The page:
A core process of implementing a fitness program into the daily safety routine must be supervisor training. They must know how to lead, apply positive reinforcement, give constructive feedback, set goals and use team-building techniques - as well as be accountable for maintaining participation.

3. Make it easy & fun - People like to do things that are fun and make them feel better. Making them do crunches or aerobics could send them out the door! We've found that daily stretching is a first step everyone can take. Just ten minutes can immediately relieve tension, stress and pain. Daily stretching can improve posture and basic strength.

Once employees learn they can do something physical and it feels good, they'll keep doing it. People tell us they look forward to coming to work in the morning since starting the stretch routine. A supervisor at a public agency using our fitness program says his company used to start work ten or 15 minutes late every day because of stragglers, but now everyone gets to work on time so they won't miss the stretch routine.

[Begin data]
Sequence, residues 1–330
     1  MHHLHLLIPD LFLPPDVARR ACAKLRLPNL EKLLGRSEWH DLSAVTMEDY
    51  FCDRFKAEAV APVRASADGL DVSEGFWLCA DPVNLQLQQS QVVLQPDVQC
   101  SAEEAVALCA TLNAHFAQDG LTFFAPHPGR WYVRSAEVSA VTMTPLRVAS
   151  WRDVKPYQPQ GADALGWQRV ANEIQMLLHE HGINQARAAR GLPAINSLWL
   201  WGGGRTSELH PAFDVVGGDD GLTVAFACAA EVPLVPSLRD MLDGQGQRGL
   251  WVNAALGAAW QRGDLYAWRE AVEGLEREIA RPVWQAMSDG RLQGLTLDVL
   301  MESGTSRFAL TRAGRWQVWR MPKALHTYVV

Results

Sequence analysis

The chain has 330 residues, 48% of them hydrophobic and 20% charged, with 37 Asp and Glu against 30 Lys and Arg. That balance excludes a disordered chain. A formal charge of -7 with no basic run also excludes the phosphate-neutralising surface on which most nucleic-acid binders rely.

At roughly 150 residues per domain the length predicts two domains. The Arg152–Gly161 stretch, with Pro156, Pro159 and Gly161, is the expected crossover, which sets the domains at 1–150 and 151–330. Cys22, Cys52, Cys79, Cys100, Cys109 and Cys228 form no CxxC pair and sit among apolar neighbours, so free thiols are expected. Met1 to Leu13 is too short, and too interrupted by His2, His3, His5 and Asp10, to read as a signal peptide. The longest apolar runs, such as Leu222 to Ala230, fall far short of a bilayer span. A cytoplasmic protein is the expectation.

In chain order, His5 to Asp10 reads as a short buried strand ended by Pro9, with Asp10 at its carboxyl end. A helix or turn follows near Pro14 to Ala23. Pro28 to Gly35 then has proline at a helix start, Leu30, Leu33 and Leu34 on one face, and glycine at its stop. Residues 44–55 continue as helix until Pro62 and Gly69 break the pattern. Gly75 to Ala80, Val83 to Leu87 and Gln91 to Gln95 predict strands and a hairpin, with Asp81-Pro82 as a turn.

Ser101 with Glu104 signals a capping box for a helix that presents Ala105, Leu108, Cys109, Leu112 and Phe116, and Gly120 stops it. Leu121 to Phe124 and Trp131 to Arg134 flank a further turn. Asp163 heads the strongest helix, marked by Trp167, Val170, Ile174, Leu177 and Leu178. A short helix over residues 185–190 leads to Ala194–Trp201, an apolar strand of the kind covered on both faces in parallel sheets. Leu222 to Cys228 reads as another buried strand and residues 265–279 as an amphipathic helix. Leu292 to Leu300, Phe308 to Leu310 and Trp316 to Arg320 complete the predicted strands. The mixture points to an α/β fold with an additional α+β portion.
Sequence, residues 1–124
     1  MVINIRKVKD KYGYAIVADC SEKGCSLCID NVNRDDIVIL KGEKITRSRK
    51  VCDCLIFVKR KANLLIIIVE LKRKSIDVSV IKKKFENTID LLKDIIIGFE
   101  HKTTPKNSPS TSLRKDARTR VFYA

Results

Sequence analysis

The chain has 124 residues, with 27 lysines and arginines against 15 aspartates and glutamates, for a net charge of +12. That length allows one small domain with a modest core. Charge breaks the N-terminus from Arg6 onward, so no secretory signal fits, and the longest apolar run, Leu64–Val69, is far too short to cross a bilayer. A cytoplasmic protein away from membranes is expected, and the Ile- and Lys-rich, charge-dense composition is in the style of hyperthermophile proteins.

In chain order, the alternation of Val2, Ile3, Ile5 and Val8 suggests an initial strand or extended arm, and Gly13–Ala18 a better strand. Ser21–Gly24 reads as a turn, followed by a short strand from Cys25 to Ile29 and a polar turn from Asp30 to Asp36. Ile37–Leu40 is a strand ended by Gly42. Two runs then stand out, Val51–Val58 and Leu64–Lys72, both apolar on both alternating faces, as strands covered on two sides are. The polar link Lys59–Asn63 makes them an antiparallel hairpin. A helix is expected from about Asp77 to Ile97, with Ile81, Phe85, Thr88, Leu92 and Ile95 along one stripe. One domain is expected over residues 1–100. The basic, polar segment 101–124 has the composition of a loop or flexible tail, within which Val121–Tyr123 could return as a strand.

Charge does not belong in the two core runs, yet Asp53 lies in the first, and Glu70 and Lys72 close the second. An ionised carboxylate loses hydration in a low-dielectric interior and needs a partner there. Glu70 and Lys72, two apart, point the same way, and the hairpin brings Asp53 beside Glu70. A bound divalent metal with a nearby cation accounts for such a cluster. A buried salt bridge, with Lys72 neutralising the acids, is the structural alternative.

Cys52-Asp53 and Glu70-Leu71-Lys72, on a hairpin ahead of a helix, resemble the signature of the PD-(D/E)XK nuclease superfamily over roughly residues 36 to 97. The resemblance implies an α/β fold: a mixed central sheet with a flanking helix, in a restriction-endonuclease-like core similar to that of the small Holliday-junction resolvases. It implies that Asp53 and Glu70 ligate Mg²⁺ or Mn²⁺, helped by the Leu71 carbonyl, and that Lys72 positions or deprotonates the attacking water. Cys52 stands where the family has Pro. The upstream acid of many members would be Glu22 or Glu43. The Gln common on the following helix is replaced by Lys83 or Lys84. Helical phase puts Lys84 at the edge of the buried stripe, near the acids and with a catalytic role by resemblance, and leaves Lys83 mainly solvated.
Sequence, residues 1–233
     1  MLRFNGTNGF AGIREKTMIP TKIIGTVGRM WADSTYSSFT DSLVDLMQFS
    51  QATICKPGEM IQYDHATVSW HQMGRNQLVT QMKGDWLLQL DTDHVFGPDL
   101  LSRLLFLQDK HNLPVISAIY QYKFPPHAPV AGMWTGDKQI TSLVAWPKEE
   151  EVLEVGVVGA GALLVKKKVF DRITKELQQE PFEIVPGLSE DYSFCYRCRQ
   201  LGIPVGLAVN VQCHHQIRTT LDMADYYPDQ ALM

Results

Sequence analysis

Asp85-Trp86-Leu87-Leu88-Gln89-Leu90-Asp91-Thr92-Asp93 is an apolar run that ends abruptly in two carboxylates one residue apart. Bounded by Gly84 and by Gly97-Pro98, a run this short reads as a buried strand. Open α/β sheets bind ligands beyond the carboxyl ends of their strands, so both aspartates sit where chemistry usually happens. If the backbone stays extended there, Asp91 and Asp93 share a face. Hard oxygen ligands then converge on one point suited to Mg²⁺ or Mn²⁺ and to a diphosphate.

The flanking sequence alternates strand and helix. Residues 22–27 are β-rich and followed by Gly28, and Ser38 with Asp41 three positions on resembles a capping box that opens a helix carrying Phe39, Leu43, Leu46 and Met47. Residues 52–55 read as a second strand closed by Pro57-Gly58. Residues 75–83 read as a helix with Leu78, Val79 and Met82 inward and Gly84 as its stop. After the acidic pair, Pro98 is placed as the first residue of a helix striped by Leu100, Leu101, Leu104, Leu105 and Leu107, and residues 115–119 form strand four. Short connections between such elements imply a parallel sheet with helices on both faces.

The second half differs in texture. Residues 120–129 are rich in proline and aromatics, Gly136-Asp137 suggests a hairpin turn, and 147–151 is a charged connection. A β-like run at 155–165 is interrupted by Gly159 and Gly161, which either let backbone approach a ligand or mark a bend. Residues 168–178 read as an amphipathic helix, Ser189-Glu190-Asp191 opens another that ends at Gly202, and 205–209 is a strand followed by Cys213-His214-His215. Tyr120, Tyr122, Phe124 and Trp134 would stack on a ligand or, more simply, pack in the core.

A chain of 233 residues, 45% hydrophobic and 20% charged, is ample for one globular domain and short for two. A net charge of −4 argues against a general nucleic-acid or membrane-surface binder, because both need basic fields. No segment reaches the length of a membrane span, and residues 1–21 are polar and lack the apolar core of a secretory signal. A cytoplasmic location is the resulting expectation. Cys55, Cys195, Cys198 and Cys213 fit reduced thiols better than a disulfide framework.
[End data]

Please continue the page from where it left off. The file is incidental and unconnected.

4. Measurement - People like to be measured - how far they've walked, how much weight they've lost. You can measure flexibility using standard equipment and repeat periodically to show workers how they've improved. Employees tell us they look forward to flexibility testing. (Lack of flexibility is a key risk factor for musculoskeletal injury.) Stretching improves flexibility and strength, and can aid in weight loss.

5. Frequent visits of qualified trainers - It takes professional skill to improve the fitness of a large population. It's not enough to have a chiropractor or physical therapist demonstrate a few stretches a couple of times a year.

If you really want employees to challenge themselves to improve, you must provide a professional they can trust. Qualified trainers with excellent people skills must visit the site often to help supervisors train, deliver encouragement, provide constructive feedback and measure and process results.